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U.S. Securities and Exchange Commission


Litigation Release No. 17225 / November 8, 2001

Securities and Exchange Commission v. Joseph F. Doody IV, Joseph F. Doody, and Diane C. Neiley, 01 Civ. 9879 (DC) (S.D.N.Y.)


The Securities and Exchange Commission today filed an injunctive action in the United States District Court for the Southern District of New York, alleging that Diane C. Neiley, a former employee of BetzDearborn Inc., Joseph F. Doody IV (Doody), and his father, Joseph F. Doody (Doody Sr.), engaged in illegal insider trading in advance of the July 30, 1998 announcement that BetzDearborn Inc. and Hercules Inc. had agreed to merge. The complaint alleges that Neiley, an executive assistant at BetzDearborn, learned confidential information regarding the merger and tipped her then-boyfriend, Doody, who in turn tipped his father, Doody Sr. According to the complaint, Doody purchased BetzDearborn common stock and call options that he sold after merger announcement, realizing $240,953 in illegal profits. The complaint alleges that after being tipped by his son, Doody Sr. bought BetzDearborn common stock that he sold after the announcement for unlawful profits of $30,813.

The complaint further alleges:

  • In June 1988, Neiley learned about the pending merger between BetzDearborn and Hercules and then told Doody about the negotiations. As Neiley learned about additional developments in the merger negotiations, she passed the information on to Doody.

  • Before the merger announcement, Doody purchased 425 shares of BetzDearborn common stock and 100 call options. These purchases concentrated approximately 94% of Doody's liquid assets (approximately $22,300 of $23,800) in BetzDearborn securities.

  • After Doody tipped his father Doody Sr. with secret information about BetzDearborn's merger plans, Doody Sr. bought 1,000 shares of BetzDearborn common stock for a cost of $37,625.

  • On July 30, 1998, BetzDearborn and Hercules announced that they agreed to merge and that Hercules would pay $72 per share for all outstanding BetzDearborn shares. After the announcement, BetzDearborn common stock opened at $68.25 per share, an increase of $32.375, or approximately ninety percent (90%), over the prior day's closing price.

  • After the July 30, 1998 announcement, Doody sold his BetzDearborn securities for an illegal profit of $240,953, and Doody Sr. sold his BetzDearborn shares for an illegal profit of $30,813.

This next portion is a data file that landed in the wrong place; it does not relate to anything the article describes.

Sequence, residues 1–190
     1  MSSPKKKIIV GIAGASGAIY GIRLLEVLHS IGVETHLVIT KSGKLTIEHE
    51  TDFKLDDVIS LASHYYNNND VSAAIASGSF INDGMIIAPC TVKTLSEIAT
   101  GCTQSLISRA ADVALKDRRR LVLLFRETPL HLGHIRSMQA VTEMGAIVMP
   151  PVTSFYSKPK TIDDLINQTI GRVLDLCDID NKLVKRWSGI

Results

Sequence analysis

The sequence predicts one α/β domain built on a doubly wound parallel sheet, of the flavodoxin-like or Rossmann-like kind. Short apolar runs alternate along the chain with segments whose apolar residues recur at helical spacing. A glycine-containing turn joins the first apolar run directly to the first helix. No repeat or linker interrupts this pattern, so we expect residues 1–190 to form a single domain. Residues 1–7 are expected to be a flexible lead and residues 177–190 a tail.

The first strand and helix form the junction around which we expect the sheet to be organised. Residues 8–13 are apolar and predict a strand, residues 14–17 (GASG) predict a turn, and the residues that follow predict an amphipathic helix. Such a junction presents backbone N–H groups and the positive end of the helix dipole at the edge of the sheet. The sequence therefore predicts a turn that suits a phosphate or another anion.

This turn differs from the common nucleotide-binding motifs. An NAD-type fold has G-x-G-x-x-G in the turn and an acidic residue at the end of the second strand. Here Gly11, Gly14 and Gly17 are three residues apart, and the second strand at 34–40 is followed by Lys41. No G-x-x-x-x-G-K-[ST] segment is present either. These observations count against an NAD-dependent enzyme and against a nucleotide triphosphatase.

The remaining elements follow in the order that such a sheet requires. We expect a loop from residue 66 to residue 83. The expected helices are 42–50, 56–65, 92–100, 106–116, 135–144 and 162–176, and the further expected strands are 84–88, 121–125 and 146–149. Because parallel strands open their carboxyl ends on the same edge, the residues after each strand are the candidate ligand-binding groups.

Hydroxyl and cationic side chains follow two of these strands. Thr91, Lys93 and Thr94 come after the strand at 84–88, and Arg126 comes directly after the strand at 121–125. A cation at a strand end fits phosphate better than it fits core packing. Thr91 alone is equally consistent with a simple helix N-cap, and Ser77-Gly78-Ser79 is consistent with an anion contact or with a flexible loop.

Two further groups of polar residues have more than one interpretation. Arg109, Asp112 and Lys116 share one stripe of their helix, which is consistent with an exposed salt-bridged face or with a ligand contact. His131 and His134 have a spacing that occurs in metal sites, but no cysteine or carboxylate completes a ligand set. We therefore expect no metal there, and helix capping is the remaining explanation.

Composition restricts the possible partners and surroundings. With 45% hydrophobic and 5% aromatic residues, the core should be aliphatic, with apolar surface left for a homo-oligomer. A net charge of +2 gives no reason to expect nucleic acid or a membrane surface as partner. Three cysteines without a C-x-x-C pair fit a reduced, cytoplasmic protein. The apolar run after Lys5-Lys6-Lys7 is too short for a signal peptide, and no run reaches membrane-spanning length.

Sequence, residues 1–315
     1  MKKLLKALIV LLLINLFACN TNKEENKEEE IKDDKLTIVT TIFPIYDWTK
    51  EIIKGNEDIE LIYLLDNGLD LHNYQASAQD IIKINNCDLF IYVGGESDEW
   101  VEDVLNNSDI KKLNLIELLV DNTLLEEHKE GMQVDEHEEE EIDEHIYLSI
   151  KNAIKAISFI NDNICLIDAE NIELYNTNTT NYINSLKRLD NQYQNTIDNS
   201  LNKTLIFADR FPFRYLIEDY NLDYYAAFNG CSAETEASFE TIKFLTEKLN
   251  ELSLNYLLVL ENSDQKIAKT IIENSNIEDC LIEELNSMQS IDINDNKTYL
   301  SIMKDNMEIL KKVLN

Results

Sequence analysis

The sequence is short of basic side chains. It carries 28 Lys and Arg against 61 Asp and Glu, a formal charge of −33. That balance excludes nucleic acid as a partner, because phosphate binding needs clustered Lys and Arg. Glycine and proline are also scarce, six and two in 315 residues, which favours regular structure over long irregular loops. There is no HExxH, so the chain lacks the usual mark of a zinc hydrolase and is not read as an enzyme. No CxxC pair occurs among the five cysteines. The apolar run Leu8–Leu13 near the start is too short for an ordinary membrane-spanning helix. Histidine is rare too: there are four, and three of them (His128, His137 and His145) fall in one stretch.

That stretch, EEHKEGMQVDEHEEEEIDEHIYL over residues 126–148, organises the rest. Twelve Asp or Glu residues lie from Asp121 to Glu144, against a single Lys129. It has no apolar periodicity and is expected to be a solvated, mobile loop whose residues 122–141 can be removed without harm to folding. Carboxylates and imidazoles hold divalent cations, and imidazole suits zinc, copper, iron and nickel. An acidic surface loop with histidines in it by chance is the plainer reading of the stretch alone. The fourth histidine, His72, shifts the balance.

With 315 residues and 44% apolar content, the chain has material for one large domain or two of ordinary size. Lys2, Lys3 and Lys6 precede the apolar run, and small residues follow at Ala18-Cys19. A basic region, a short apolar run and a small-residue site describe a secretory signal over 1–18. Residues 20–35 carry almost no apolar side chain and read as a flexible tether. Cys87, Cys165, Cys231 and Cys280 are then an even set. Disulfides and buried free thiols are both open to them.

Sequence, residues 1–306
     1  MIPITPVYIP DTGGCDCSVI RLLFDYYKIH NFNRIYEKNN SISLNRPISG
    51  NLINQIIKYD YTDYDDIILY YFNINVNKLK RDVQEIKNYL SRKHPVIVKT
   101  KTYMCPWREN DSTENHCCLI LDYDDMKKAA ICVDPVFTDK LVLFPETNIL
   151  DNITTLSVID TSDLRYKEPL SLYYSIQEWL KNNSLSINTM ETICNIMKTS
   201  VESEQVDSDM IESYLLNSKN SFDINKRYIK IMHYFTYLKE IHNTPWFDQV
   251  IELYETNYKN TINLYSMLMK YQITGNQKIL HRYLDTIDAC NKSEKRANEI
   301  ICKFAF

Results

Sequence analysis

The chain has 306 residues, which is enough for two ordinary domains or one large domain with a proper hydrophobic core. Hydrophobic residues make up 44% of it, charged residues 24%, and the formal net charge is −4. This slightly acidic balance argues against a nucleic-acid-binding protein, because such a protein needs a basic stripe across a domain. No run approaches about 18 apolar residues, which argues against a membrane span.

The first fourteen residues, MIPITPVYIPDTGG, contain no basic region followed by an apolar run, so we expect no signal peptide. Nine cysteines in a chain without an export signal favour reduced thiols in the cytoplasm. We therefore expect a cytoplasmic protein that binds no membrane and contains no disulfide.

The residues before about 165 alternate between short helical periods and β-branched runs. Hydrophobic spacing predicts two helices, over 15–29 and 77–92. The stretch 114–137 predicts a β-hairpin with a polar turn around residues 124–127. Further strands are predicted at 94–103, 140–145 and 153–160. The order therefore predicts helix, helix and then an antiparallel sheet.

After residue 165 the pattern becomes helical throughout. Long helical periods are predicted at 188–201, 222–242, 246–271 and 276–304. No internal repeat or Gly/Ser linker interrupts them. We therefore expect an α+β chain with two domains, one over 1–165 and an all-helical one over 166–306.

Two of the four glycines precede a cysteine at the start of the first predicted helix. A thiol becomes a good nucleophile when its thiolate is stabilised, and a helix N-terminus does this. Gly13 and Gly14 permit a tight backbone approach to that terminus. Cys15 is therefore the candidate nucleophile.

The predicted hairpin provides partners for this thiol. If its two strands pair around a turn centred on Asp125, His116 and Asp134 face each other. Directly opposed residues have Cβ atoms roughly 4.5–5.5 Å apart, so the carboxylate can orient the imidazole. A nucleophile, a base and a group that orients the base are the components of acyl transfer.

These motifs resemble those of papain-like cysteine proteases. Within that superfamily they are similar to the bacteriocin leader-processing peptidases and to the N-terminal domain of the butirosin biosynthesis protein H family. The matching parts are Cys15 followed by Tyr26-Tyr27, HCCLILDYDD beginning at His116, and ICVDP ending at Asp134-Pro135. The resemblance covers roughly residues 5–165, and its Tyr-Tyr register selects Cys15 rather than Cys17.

Doody, age 33, Doody Sr., age 56, and Neiley are residents of Pennsylvania. During 1998, Doody was an employee of a registered broker-dealer, investment adviser, and municipal securities dealer.

The Commission alleges that as a result of the conduct described above, Doody, Doody Sr., and Neiley violated Section 10(b) of the Securities Exchange Act of 1934 ("Exchange Act") and Rule 10b-5 thereunder. In its action, the Commission is seeking permanent injunctions, disgorgement of the illegal trading profits, prejudgment interest, and civil penalties. Without admitting or denying the facts alleged in the complaint, Neiley has consented to the entry of a final judgment that permanently enjoins her from future violations of Section 10(b) of the Exchange Act and Rule 10b-5 thereunder, but does not impose penalties based on her sworn financial statement.

The United States Attorney for the Southern District of New York today announced criminal charges against Doody, arising from the same conduct alleged in the Commission's complaint.

The Commission gratefully acknowledges the assistance provided by the Pacific Stock Exchange in the investigation of this matter. This is the Commission's second insider trading case concerning the merger of BetzDearborn and Hercules. See SEC v. Rodolfo Luzardo, et al., 01 Civ. 9206 (DC) (S.D.N.Y.) (filed October 18, 2001) (Litigation Release No. 17197). The Commission's investigation into insider trading before the announcement of the merger of BetzDearborn and Hercules is continuing.


Modified: 11/08/2001